O'Hara's Easter Guest
"I've spoke four times to that thievin' injun," muttered O'Hara. "I've told him what I'll do if he don't get out. Well, God help him it he don't hit the trail by daybreak."
He got heavily to his feet, shook the ash from his pipe into the palm of his hand and laid the black clay tenderly on the shelf that crossed the bulge of the chimney.
"That was a sweet smoke," he murmured. "I wonder if Micmac Jim be drawin' on his old T. D. to-night. If he don't mind hisself, he'll--he'll lose his taste for good baccy afore this time tomorry."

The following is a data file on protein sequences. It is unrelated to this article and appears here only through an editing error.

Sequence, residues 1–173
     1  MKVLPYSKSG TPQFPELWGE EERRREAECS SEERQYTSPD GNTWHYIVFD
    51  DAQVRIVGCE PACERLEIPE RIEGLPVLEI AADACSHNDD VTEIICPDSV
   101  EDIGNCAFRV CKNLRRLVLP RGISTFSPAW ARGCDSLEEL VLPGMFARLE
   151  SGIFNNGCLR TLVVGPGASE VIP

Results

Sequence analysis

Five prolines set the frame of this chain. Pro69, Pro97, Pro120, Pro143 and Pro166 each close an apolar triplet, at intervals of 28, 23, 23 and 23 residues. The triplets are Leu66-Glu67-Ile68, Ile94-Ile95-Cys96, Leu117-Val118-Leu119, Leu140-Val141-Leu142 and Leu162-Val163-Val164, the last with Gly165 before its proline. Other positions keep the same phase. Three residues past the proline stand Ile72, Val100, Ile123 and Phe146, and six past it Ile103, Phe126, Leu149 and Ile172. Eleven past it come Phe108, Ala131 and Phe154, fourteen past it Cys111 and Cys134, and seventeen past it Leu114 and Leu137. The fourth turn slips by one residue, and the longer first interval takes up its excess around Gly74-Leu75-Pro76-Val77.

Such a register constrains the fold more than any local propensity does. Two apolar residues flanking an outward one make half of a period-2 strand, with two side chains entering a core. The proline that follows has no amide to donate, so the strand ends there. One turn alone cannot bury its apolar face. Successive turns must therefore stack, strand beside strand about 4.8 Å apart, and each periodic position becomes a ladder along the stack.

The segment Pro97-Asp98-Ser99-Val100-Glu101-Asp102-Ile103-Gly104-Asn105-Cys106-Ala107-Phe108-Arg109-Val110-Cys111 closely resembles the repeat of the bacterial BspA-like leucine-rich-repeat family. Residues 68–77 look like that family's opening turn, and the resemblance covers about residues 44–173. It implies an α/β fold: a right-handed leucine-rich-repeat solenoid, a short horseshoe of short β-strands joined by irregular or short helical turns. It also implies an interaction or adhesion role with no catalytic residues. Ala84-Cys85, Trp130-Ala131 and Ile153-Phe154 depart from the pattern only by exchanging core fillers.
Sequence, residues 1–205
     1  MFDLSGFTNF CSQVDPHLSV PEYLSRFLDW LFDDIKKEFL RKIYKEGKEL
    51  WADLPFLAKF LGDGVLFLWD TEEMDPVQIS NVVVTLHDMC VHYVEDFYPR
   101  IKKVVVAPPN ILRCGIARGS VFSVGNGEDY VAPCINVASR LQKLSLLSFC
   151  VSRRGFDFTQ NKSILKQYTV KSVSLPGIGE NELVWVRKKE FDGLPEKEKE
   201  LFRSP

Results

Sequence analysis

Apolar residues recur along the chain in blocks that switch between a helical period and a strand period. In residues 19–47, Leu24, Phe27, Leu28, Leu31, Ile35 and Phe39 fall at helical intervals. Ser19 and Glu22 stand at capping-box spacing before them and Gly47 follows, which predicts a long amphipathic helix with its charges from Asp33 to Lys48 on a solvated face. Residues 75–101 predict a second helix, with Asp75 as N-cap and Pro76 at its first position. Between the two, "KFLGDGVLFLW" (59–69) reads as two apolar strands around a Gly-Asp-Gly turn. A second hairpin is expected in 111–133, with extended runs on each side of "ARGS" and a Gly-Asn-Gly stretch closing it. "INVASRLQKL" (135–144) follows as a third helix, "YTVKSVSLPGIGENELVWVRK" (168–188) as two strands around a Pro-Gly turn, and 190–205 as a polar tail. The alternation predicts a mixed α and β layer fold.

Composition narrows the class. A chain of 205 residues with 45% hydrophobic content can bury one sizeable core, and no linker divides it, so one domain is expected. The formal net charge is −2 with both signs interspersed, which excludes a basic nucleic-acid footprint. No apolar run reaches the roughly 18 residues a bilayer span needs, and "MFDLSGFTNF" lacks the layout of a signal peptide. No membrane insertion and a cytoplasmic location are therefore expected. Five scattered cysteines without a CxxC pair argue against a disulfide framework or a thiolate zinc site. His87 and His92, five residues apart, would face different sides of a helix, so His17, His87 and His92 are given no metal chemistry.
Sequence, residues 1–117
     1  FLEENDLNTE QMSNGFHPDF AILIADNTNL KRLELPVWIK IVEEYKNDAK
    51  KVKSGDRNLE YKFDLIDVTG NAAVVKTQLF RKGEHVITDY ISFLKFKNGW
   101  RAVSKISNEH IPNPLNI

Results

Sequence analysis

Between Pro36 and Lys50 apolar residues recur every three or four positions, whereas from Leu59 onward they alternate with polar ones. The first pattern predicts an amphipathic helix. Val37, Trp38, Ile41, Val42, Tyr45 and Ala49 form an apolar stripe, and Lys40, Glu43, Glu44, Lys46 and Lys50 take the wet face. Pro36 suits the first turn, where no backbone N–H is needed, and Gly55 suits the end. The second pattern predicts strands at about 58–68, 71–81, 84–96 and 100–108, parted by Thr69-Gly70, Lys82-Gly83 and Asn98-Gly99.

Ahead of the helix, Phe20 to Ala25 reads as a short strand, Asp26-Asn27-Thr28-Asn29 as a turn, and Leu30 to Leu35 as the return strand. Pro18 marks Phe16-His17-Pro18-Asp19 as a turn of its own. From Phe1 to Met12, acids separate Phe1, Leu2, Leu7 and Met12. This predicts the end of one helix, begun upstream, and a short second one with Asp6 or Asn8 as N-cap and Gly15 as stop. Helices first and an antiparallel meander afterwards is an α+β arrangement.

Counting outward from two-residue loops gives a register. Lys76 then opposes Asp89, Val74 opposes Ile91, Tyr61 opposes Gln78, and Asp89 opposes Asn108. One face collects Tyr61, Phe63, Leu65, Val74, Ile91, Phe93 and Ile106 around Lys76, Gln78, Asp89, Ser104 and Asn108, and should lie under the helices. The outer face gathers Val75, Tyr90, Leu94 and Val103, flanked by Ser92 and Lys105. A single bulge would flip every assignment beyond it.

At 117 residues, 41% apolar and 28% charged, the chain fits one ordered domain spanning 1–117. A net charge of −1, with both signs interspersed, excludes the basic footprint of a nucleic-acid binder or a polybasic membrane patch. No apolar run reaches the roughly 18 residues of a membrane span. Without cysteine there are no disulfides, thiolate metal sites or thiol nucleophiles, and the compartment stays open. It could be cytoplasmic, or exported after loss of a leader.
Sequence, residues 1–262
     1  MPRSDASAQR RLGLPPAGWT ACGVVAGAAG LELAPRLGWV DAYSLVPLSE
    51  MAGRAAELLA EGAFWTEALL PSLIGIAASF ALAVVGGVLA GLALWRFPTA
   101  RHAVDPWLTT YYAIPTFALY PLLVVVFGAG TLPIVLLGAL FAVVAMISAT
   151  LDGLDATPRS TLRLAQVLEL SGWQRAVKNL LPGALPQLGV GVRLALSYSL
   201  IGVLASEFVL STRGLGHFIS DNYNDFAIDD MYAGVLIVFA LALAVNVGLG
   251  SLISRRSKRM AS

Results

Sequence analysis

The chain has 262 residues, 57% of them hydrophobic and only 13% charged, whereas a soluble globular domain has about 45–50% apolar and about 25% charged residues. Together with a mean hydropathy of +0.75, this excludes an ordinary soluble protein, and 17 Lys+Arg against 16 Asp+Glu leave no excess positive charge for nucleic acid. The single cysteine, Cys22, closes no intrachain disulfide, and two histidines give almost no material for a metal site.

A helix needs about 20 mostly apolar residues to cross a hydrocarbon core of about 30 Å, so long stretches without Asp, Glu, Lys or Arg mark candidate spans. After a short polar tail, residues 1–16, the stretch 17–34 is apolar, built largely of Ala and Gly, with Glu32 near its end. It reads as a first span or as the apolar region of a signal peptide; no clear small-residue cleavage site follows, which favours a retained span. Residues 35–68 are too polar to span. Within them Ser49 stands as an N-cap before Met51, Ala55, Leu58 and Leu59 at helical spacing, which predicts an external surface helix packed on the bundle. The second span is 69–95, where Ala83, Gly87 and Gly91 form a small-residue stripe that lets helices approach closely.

He threw aside a few outer garments, rolled a log of birch into the back of the fireplace, and retired to the gloom and blankets of his bunk.
Outside a pale radiance layover the black and white vastnesses of the wild. The vague